High on the list of words that make me twitch due to overuse is the word “alchemy.” Early this morning, there it was on the page, ready to pounce on my nerves. But this time, I found myself—not twitching, perhaps because it appeared in the last line of a poem by Rumi. It is hard to accuse a writer dead for more than seven centuries of tedious trendiness.
Rumi’s cryptic phrase was this: “The alchemy of a changing life is the only truth.”
It’s the end of a poem of flirtation, of courtship. In the poem, Rumi playfully assumes the voice of King Solomon speaking to messengers sent by Queen Sheba. Solomon tells the messengers to scold Sheba for sending him expensive gifts. He suggests that the wealth of her throne “keeps her from passing through the doorway that leads to a true majesty.” He concludes by reminding her of the story of Joseph, who sat at the bottom of a well until he “reached to take the rope that rose/to a new understanding. The alchemy/of a changing life is the only truth.”
I had to refresh myself on the story of Joseph. Most important point: Joseph got thrown into that well by his ever-jealous brothers. They only tossed him a rope when it occurred to them that they could sell him as a slave to some passing merchants, pocket the money, and still go home and tell their doting father that his favorite son was dead.
Being sold to those traveling salesmen changed young Joseph’s life, because they in turn sold him to an Egyptian, who happened to be in charge of the Pharoah’s palace guard. And that’s how a poor shepherd boy moved on up into the royal court of Egypt.
Truth: Joseph got thrown in a well. Alchemy: talk about your life-changing moment! Reaching to take the rope: yes, he did that, because it was preferable to dying a slow death at the bottom of a well. But as far as he knew, the rope was not leading him anywhere good. Even though he’d had those big dreams about how his brothers would someday bow down to him.
So: I read the word “alchemy” at six in the morning, and this is the garden path I go down, from Rumi to a Bible story that most scholars agree is one of the least credible of them all. Why? Because there was something about the way Rumi put it that made me think of all the young people I know whose lives are changing, right now, by the minute. Some of them are graduating from high school or college: and yes, that’s big, but often it’s just the first step in an ongoing, protracted process of—here we go—alchemy.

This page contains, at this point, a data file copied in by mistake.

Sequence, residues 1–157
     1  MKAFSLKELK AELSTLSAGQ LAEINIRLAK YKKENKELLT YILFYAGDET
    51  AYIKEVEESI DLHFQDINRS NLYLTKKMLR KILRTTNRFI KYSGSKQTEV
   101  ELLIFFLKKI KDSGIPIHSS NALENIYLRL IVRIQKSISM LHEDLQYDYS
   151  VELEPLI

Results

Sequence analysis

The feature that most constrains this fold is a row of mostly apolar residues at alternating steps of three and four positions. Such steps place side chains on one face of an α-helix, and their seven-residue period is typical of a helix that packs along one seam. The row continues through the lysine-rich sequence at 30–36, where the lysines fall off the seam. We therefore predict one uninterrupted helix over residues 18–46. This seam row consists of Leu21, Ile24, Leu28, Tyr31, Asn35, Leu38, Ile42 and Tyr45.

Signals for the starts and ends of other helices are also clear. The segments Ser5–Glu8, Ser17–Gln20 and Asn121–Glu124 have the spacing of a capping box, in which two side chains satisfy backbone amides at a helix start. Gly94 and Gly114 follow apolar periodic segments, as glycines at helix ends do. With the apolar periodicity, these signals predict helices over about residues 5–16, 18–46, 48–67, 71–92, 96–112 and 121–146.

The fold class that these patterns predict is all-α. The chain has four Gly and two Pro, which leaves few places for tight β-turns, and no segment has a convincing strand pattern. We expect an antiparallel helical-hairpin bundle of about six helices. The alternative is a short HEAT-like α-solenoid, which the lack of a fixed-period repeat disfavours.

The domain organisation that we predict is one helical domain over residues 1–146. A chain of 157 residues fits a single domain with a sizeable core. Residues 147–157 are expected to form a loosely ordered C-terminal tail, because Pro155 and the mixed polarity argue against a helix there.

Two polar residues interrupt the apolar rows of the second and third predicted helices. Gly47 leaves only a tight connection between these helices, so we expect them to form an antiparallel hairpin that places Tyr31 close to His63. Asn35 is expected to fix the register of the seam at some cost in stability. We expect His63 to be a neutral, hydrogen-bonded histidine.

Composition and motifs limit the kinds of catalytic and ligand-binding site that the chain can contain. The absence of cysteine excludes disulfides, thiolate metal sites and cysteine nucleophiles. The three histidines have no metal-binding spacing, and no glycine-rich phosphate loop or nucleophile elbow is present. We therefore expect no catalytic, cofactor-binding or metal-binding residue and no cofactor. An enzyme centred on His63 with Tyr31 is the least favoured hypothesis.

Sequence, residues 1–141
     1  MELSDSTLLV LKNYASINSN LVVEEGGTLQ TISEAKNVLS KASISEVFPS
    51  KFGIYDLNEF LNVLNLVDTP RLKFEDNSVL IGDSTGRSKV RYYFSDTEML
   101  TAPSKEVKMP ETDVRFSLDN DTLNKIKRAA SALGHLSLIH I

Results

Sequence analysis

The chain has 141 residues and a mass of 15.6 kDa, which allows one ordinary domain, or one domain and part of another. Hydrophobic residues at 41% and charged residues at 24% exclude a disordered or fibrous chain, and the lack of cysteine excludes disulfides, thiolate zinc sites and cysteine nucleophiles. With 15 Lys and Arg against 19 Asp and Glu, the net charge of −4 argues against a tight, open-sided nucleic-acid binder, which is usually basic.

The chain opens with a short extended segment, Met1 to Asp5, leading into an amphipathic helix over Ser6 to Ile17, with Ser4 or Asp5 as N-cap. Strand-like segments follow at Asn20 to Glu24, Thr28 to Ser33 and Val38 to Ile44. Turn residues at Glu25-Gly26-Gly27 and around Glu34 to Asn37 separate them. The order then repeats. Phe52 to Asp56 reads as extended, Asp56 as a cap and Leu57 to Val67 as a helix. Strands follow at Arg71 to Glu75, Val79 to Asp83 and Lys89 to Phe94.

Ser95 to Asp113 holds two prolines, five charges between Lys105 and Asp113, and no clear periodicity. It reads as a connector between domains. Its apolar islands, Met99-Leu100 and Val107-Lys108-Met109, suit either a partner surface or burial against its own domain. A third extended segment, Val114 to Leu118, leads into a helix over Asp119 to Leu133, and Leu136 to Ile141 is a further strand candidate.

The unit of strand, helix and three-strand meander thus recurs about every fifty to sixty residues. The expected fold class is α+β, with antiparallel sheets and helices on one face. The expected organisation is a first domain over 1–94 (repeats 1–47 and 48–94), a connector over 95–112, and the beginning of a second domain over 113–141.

Alchemy is a word that, in Rumi’s time, most commonly meant a magical way to change ordinary metals into gold. Merriam-Webster says that medieval philosophers sometimes also used it to mean the discovery of a universal cure for disease. Over the centuries, it has come to signify the transformation of something ordinary into something special, or any sort of mysterious change.
As I write, my daughter is sleeping in a tent on the edge of an Idaho lake, on her way to spend the summer mending trails and breaking trails in Colorado. Last summer she got a taste of this work, and it made her want more. It made her want it more than she wanted to return to a desk job. She’s living the alchemy of a changing life. Embracing it, in a way that we older adults often forget how to do. Meanwhile, our freshly graduated son is working two jobs, saving money to travel in the fall. He’s not even sure where yet. And two nephews are graduating from high school. That’s just the tip of the iceberg of young people in my life, and I’m sure you know plenty too.
I think the best gift we can give them is to marvel at the alchemy of their changing lives. Cheer them on, but stay out of the way. Often, they make it look so easy. But don’t you remember? The truth is that it’s as hard as climbing out of a well.
Need a little Rumi in your life? Order Coleman Barks’ Essential Rumi from your favorite independent bookstore here.
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